69. Osprey
70. Tree Pipit
71. Skylark

Sunday, 20 April 2014

More migrants (20/04)...

Absolutely stunning day again today in Lochcarron and the surrounding area. Feeling very like Summer as I spotted my first Swallow and heard my first Cuckoo of the year this evening from the house.

Year List Additions:
66. Swallow

Saturday, 19 April 2014

Nice surprise (19/04/14)....

A Barn Owl flew over the road tonight at about the height of the house which I wasn't expecting!

Year List Additions:
65. Barn Owl

Friday, 18 April 2014

Willow Warblers....

...have now arrived in Lochcarron and the surrounding area over the last couple days.

Year List Additions:
64. Willow Warbler

Friday, 11 April 2014

Sand Martin (11/04)...

First Sand Martins of the year seen at Achnashellach. Spotted 3 this morning.

Year List Additions:
61. Sand Martin

Monday, 7 April 2014

West Update (07/04/14)...

Been a few weeks since I posted here. Things are busy here with the new job and house so not much time at the moment. Some updates:

Black Grouse spotted in road side trees near to Achnasheen several times now with the highest count being 5. A good sign that they are spreading West again and there is plenty of good habitat along the Garve / Achnasheen / Lochcarron corridor with all the new planting schemes.

Lapwings displaying in fields near Achnasheen also.

First Chiffchaff heard from office last Friday (4th) with first heard from the house this morning (7th).

Pair of Golden Eagles seen regularly over the last few weeks as they occupy one of the Glens which I am currently working in from time to time.

Great view of a White-tailed Eagle today at Slattadale as it flew down from a large roadside Scots Pine over the van and down the hillside.

Had two excellent sightings of otters in the last couple weeks both within 100 feet.

Meadow Pipits displaying everywhere just now.

Ticked off a Munro just East of the house called Maol Chean Dearg - plenty of signs of Ptarmigan in the top 300m (poo / feathers / resting places).

Many tree species now flushing - eyes fixed on Larch spp. wherever I go at the moment for early signs of Phytopthora ramorum.

Dunnock singing in garden every morning just now with a Song Thrush joining it just across the road.

Pair of Siskins visiting the garden regularly.

No Sand Martins spotted at the small colony at Achnashellach yet but I'm sure they are on their way.

Spotted signs of what looks like Red Squirrel (stripped cones) near to Achmore last week which would be first confirmed evidence of Reds in the local area - some say the culprit is Wood Mouse, the debate continues.

Very disappointing news about Red Kites and Buzzards from back home in Conon Bridge area, I hope someone comes forward with information soon.

No Ospreys back near to Garve yet but watch this space.

Temperatures a lot milder but still very wet this week.

Spring / Summer is on its way.

Thursday, 27 February 2014

WTE Monitoring (27/02/14)....

So far the new job is going well, I'm enjoying it and the guys (there are no woman at my office) I work with are a good bunch. There have been days that have been enjoyable and days that have been a bit of a slog, especially with the weather we've had recently. But today was one of the days where I absolutely love my new job.

Today's task was to check out various sites where White-tailed Eagle have previously nested on FC ground and monitor and record any activity. Of course we were headed to Skye and the morning started off quite well with a couple of Fieldfares spotted at the road side. Nearer to the first location (of which I will be divulging none I'm afraid), and there were plenty of Hoodies about and a few Ravens. We were roughly half a mile from the nesting location headed to a vantage point on higher ground. After a brief shower of hailstones we found a spot to settle down and look across the glen. After about 15 mins I spotted the first WTE coming in off the sea and landing in almost the exact spot where there was a nest last year, success. It was visible through bins but even better through the scope but soon hopped out of site and we didn't see it again. Whilst we waited awhile for a second look a flock of about 20 Crossbills landed in the trees about us giving great views.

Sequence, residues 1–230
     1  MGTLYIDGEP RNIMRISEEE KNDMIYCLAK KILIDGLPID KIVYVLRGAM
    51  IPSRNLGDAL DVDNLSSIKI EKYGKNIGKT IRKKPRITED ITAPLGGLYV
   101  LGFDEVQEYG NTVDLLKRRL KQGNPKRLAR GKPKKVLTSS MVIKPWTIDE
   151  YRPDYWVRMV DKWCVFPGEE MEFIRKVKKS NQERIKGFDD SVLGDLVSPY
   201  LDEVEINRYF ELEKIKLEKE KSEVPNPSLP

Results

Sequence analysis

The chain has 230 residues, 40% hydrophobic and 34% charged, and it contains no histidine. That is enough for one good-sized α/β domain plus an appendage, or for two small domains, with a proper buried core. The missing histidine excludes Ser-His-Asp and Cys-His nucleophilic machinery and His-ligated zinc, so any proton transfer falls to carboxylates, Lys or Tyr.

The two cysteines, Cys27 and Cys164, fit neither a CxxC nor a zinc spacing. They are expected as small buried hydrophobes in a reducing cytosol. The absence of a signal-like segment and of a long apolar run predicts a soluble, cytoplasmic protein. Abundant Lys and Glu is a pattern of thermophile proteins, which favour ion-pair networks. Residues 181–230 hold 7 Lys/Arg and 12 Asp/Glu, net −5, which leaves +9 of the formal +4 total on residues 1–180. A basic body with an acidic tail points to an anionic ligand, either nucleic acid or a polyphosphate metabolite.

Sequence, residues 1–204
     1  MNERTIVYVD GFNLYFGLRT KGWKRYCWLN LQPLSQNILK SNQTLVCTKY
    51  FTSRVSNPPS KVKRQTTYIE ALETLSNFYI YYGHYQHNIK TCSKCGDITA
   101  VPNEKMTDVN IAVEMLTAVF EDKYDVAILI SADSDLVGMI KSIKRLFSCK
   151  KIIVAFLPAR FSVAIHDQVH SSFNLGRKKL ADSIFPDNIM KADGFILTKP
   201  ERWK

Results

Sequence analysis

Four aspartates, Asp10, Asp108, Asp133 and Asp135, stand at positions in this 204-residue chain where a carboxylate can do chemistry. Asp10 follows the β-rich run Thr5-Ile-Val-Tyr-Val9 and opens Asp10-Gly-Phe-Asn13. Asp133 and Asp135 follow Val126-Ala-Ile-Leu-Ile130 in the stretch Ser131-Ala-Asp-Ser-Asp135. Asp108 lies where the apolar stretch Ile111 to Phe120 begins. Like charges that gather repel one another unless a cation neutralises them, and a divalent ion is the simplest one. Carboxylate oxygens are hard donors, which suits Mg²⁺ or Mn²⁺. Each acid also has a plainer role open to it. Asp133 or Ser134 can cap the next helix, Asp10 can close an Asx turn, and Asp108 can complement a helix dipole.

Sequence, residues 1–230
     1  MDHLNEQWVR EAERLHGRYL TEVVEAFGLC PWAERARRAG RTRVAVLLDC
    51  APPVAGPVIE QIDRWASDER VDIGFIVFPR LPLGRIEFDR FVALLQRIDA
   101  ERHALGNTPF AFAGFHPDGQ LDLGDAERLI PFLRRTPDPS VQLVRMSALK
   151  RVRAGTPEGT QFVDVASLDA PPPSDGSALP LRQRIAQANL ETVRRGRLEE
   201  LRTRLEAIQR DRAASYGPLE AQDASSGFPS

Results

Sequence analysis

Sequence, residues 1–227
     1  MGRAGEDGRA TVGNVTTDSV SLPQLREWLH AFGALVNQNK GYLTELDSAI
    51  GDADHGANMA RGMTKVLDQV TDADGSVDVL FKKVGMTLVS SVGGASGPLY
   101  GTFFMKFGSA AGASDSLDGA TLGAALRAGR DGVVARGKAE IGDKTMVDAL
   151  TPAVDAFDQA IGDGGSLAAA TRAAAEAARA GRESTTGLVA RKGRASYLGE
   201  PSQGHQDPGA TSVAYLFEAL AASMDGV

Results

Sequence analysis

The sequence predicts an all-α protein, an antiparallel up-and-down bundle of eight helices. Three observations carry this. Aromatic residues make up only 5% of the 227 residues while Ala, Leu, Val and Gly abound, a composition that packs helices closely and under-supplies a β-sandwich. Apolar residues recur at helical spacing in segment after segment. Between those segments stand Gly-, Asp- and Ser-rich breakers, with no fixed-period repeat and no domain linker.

Another location was checked afterwards but no signs there so we headed off to the third site. By now the sun was out and it was a pretty nice day. Again we parked up about half a mile from the nest site but it wasn't long before I spotted the 2nd WTE of the day flying up and over the hill to the right of us which was then followed by another which appeared to be a sub-adult going by the white tail which still had a black band along the bottom edge. I did manage to get a couple distant photos.

White-tailed Eagle
Both eagles didn't hang around long and they were off over the hill and out of sight but we decided to have some lunch and hope that they came back again. They didn't unfortunately but whilst finishing my lunch something caught my eye coming over the hill to the left. It was headed our way and once it came a bit closer it turned out to be a Golden Eagle this time. Again it appeared to be a 1st-winter / sub-adult type bird going by the white tail with the black band and the obvious white patches on the wings. We watched it as it was first mobbed by two Ravens, then two Hoodies and finally a Buzzard had a pop. By then the eagle was a bit pissed off and turned and flipped 180 degrees to have a pop back at the Buzzard above it. Did get a photo again but again it's not the best.

Golden Eagle

Year List Additions:
53. Fieldfare
54. White-tailed Eagle

Thursday, 20 February 2014

Quick update (20/02/14)....

Weather has been pretty miserable all week here but a small flock of Common Crossbills spotted at Glen Udalain brightened up the afternoon yesterday.

Year List Additions:
51. Common Crossbill

Sunday, 16 February 2014

Loch Reraig (WeBS) (16/02/14)....

The weather was bright, sunny and still which was slightly different to the weather throughout the week that ranged from heavy snow and blizzards to gale force winds and torrential rain so I took the break in the weather to head out.